A photograph of the Country Club Plaza in Kansas City, Missouri.
The Country Club Plaza.
I didn’t expect to find a hub of medical physics education in Kansas City, but there it is. In addition to the Rockhurst program, the Kansas University Medical Center has a CAMPEP-accredited clinical medical physics residency (while driving on I-35, I could see cranes putting up a new KU Med Center building), and the Stowers Institute, less than a mile north of Rockhurst and just east of the Country Club Plaza, has a strong biomedical research program. As the song says, Everything's Up To Date in Kansas City.

A photograph of thousands of people in Kansas City celebrating the 2015 Royals World Series Championship.
Kansas City celebrating the 2015 Royals World Series Championship.

Friday, August 19, 2016

How to Explain Why Unequal Anisotropy Ratios is Important Using Pictures but No Mathematics

Ten years ago, at the IEEE Engineering in Medicine and Biology Society Annual Conference in New York City, I presented a paper titled “How to Explain Why Unequal Anisotropy Ratios is Important Using Pictures but No Mathematics.” Although it was only a four-page conference proceeding, it remains one of my favorite papers.
I. Introduction 

The bidomain model describes the electrical properties of cardiac tissue. The term “bidomain” arises because the model accounts for two (“bi”) spaces (“domains”): intracellular and extracellular. Both spaces are anisotropic; the electrical conductivity depends on the direction relative to the myocardial fibers. Moreover, the intracellular space is more anisotropic than the extracellular space, a condition referred to in the literature as “unequal anisotropy ratios.” This condition has important consequences for the electrical behavior of the heart.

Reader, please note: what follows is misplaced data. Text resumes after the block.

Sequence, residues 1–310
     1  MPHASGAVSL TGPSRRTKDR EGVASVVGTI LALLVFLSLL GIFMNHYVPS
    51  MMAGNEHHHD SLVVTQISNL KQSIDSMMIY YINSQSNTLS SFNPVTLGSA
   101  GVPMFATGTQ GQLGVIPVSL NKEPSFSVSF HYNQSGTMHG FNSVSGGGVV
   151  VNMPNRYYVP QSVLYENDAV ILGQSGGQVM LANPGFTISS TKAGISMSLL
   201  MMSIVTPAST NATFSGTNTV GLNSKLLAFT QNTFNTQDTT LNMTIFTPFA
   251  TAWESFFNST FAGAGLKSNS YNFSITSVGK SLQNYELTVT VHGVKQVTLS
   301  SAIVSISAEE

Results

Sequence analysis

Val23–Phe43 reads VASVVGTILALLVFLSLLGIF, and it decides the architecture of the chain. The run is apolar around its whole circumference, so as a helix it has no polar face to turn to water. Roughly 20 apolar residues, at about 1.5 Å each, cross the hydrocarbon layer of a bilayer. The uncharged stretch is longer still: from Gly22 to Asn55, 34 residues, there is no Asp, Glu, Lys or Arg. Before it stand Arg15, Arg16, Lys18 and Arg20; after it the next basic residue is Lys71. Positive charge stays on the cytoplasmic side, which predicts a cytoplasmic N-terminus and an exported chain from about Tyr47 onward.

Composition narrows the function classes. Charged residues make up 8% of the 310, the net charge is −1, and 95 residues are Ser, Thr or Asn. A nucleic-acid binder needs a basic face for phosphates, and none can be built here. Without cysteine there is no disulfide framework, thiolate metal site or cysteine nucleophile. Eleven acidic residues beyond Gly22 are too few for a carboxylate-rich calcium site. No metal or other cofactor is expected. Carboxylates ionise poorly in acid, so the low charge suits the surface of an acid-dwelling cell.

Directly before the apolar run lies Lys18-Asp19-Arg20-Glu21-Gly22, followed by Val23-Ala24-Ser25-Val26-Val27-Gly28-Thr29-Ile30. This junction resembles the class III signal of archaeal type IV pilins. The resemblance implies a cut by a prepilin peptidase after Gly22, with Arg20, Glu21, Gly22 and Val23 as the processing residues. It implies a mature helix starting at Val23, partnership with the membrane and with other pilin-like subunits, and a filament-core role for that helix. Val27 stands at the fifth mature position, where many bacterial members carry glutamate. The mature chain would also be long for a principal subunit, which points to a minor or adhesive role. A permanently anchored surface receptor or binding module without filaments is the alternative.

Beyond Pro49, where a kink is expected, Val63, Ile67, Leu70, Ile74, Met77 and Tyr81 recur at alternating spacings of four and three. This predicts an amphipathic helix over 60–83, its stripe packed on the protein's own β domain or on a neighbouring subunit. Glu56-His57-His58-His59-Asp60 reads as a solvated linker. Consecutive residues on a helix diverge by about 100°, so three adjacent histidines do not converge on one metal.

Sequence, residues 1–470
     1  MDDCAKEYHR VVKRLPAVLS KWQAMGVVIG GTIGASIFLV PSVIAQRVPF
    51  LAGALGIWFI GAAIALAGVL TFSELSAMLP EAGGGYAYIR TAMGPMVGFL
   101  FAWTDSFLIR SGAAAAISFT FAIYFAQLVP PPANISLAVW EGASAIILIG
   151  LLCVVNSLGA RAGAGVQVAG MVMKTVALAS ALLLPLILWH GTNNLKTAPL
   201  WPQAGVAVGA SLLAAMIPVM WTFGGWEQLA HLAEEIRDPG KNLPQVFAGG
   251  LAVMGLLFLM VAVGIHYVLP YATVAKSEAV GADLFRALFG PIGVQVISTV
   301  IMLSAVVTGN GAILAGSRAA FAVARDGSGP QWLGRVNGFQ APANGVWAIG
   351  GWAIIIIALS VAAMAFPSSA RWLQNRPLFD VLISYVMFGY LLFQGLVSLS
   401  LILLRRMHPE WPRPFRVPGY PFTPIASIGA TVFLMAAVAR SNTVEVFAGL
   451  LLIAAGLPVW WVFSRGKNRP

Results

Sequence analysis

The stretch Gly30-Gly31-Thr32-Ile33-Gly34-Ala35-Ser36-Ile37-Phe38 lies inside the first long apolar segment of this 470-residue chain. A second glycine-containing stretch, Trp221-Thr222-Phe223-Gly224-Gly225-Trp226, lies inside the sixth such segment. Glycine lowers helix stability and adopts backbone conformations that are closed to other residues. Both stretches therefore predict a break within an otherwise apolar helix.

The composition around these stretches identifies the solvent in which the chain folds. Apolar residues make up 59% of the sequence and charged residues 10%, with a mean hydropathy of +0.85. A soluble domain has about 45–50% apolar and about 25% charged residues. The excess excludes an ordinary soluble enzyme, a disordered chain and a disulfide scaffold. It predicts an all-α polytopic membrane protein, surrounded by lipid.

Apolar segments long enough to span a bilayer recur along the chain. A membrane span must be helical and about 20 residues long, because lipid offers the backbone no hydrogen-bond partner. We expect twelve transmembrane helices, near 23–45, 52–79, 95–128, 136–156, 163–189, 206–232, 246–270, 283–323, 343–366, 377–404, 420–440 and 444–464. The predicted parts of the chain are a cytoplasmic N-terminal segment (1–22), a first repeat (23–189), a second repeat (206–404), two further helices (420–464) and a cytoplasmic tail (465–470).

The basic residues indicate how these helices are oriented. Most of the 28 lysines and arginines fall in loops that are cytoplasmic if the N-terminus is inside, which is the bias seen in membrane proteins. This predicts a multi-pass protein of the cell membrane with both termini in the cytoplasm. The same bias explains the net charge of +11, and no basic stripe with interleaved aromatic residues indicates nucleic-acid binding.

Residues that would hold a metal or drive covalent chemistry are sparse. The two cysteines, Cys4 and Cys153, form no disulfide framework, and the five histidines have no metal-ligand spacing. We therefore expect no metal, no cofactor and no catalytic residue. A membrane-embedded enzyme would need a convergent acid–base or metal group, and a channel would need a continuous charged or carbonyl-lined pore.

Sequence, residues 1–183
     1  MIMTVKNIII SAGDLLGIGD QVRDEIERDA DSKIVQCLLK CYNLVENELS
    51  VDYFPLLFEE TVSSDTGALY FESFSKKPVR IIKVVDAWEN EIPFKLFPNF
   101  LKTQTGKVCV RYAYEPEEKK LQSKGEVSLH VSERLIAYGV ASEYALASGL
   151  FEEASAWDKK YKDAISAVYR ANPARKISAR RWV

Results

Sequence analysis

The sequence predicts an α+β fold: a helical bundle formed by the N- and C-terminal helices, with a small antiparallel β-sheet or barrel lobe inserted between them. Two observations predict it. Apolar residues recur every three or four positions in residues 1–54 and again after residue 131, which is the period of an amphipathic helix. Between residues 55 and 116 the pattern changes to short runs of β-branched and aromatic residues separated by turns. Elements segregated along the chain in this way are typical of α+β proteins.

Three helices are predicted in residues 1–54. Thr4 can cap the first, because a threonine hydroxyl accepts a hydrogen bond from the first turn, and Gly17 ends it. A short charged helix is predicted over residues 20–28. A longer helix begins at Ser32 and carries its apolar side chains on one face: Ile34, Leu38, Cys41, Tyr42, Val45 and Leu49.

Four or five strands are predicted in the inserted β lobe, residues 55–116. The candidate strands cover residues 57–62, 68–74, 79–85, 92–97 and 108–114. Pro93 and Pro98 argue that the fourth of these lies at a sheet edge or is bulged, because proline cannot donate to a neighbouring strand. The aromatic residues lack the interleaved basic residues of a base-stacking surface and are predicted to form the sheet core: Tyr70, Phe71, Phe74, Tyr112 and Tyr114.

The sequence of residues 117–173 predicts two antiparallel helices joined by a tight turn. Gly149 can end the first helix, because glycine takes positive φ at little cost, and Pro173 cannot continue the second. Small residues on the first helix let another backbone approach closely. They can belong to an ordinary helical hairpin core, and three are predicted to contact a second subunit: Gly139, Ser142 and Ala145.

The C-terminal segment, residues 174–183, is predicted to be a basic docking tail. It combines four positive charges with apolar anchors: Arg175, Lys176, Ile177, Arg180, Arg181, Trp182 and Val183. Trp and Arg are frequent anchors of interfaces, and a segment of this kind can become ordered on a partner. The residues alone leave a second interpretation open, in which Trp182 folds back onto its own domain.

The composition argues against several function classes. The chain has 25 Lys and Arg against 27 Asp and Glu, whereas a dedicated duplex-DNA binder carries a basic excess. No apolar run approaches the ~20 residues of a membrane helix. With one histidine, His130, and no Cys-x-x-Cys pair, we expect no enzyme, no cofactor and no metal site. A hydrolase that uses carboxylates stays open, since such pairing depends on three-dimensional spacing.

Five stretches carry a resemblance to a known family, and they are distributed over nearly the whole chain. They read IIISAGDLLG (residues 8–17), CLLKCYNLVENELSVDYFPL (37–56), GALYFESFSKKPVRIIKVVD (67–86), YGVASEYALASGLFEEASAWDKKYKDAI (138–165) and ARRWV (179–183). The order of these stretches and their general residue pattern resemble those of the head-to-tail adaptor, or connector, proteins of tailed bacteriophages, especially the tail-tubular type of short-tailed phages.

Many papers describe the implications of unequal anisotropy ratios. The mathematical derivations and numerical calculations in these reports emphasize the consequences of unequal anisotropy ratios, but they often fail to explain physically why these consequences occur. For example, Sepulveda et al. discovered that during unipolar stimulation, depolarization occurs under the cathode but hyperpolarization exists adjacent to it along the fiber direction. The hyperpolarized regions affect the mechanism of excitation, the shape of the strength-interval curve, and the induction of reentry. Yet, when I am asked why the hyperpolarization appears, I find it difficult to give an intuitive, nonmathematical answer.

In this paper, I try to answer the “why” questions that arise from the bidomain model. I present no new results, but many old results are clarified. My hope is that the reader will develop the intuition necessary to understand qualitatively how cardiac tissue behaves, without having to resort to lengthy mathematical derivations or numerical calculations.
Parts of this article have worked their way into Intermediate Physics for Medicine and Biology. For instance, the article explains how a wave front propagating through cardiac tissue creates a magnetic field. This analysis is reproduced as Problem 19 in Chapter 8 on biomagnetism.

Problem 50 in Chapter 7 examines the transmembrane potential induced in cardiac tissue when an electric shock is applied in the presence of an insulating obstacle. I love how this example highlights the importance of unequal anisotropy ratios.
Consider an insulating cylinder in an otherwise uniform tissue with straight fibers (Fig. 7). An electric field is applied from left to right. Far from the insulator, the current is in the x-direction and is distributed equally between the intracellular and extracellular spaces. As current approaches the insulator, it turns left to circle around the obstacle. The current then is flowing approximately perpendicular to the fibers, so most of the current will be extracellular. As the current turns right to flow once again in the x-direction, it will be parallel to the fibers and will again be distributed more or less equally between the two spaces. As current leaves and then reenters the intracellular space, it causes depolarization and then hyperpolarization. The transmembrane potential distribution surrounding the insulator is even in y and odd in x. The result is the complex pattern of polarization surrounding an insulator in cardiac tissue during electrical stimulation.
A figure from “How to explain why unequal anisotropy ratios is important using pictures but no mathematics,” showing how polarization is caused by an insulating obstacle.